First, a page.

Wednesday, August 20, 2014

Definition

A hernia is an abnormal protrusion, or bulging out, of part of an organ through the tissues that normally contain it. In this condition, a weak spot or opening in a body wall, often due to laxity of the muscles, allows part of the organ to protrude.

A hernia may develop in almost any part of the body; however, the muscles of the abdominal wall are most commonly affected.

A hernia may develop in almost any part of the body; however, the muscles of the abdominal wall are most commonly affected.

Description

Hernias cause pain and reduce general mobility. They never cure themselves, even though some can be cured (at least temporarily) by external manual manipulation. Depending on the nature of the protruding organ and the solidity of the structure through which it is protruding, a hernia may cause complications that are medically dangerous.

One major danger of a hernia is that if bowel is contained within the protruding loop it may hinder or stop the flow through the intestine (occlusion). More serious still, if the loop itself becomes twisted outside its containing structure, or compressed at the point where it breaks through that structure (a strangulated hernia), the blood supply to the loop will also cease and the entire hernia will undergo tissue death (necrosis). This requires immediate emergency surgery.

Types Of Hernia

Although there are many types of hernias, the following are the most common:

Abdominal wall hernia: Also called an epigastric or ventral hernia; affects 1 person in 100 nationwide. Technically, this group also includes inguinal hernias and umbilical hernias.

Indirect inguinal hernia: This affects men only. A loop of intestine passes down the canal from where a testis descends early in childhood into the scrotum. If neglected, this type of hernia tends to increase progressively in size (a "sliding hernia") causing the scrotum to expand grossly.

Direct inguinal hernia: This affects both sexes. The intestinal loop forms a swelling in the inner part of the fold of the groin.

Femoral hernia: This affects both sexes, although most often women. An intestinal loop passes down the canal containing the major blood vessels to and from the leg, between the abdomen and the thigh, causing a bulge in the groin and another at the top of the inner thigh.

Umbilical hernia: This affects both sexes. An intestinal loop protrudes through a weakness in the abdominal wall at the navel (but remains beneath the skin).

Hiatal hernia: This affects both sexes. A loop of the stomach when particularly full protrudes upward through the small opening in the diaphragm through which the esophagus passes, thus leaving the abdominal cavity and entering the chest.

Incisional hernia: This is a hernia that occurs at the site of a surgical incision. This is due to strain on the healing tissues due to excessive muscular effort, lifting, coughing, or extreme pressure.

Causes

Umbilical hernias can be present from birth, but most happen later due to pressure on openings or weaknesses in the abdominal cavity or wall. Hernias tend to run in families, and can be caused by such things as coughing, straining during elimination, lifting heavy objects, accumulation of fluid in the abdominal cavity, and obesity. Chroniclung disease can also cause a hernia.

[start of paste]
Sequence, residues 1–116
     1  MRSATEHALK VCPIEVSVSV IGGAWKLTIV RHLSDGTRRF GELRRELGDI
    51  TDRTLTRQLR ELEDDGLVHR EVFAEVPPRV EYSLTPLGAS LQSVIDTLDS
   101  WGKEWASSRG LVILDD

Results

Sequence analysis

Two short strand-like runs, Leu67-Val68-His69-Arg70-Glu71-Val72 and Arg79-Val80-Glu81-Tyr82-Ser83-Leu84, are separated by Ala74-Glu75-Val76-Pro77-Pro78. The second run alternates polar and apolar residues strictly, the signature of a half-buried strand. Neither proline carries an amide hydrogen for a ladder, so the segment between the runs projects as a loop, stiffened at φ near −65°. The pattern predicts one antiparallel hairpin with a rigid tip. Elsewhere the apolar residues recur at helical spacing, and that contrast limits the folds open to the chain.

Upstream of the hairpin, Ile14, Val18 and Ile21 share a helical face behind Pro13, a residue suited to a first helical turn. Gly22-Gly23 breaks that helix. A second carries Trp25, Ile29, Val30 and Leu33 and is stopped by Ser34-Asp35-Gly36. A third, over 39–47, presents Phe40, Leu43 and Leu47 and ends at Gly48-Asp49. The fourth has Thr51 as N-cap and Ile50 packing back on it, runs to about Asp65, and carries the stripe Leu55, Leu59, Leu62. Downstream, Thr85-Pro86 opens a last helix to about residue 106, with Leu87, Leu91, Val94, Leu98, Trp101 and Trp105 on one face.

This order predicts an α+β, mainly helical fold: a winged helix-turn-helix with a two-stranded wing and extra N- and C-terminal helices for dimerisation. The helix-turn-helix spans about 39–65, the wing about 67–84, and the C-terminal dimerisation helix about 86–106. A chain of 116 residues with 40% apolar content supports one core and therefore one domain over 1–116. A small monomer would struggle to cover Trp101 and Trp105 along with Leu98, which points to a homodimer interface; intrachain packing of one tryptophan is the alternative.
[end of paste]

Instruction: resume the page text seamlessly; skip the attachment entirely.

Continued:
Symptoms

Symptoms of hernias vary, depending on the cause and the structures involved. Most begin as small, hardly noticeable breakthroughs. At first, they may be soft lumps under the skin, a little larger than a marble; there usually is no pain. Gradually, the pressure of the internal contents against the weak wall increases, and the size of the lump increases.

Early on, the hernia may be reducible - the protruding structures can be pushed back gently into their normal places. If those structures, however, cannot be returned to their normal locations through manipulation, the hernia is said to be irreducible, or incarcerated.

Treatment

For small, non-strangulated and non-incarcerated hernias, various supports and trusses may offer temporary, symptomatic relief. However, the best treatment is herniorrhaphy (surgical closure or repair of the muscle wall through which the hernia protrudes).

When the weakened area is very large, some strong synthetic material may be sewn over the defect to reinforce the weak area. Postoperative care involves protecting the patient from respiratory infections that might cause coughing or sneezing, which would strain the suture line. Recovery is usually quick and complete.

Questions

What type of hernia is it and is surgery recommend?

How new is this surgery? Is this the accepted treatment for this diagnosis?

What kind of anesthetic will be used? Are there alternatives?

What are the risks or complications to this surgery?

What is the success rate and will the surgery take care of the problem completely?

What are the likely consequences and alternatives if surgery is delayed or declined?

Are there alternatives to the proposed surgery and what are the risks and benefits of each?

What precautions should be taken after the surgery?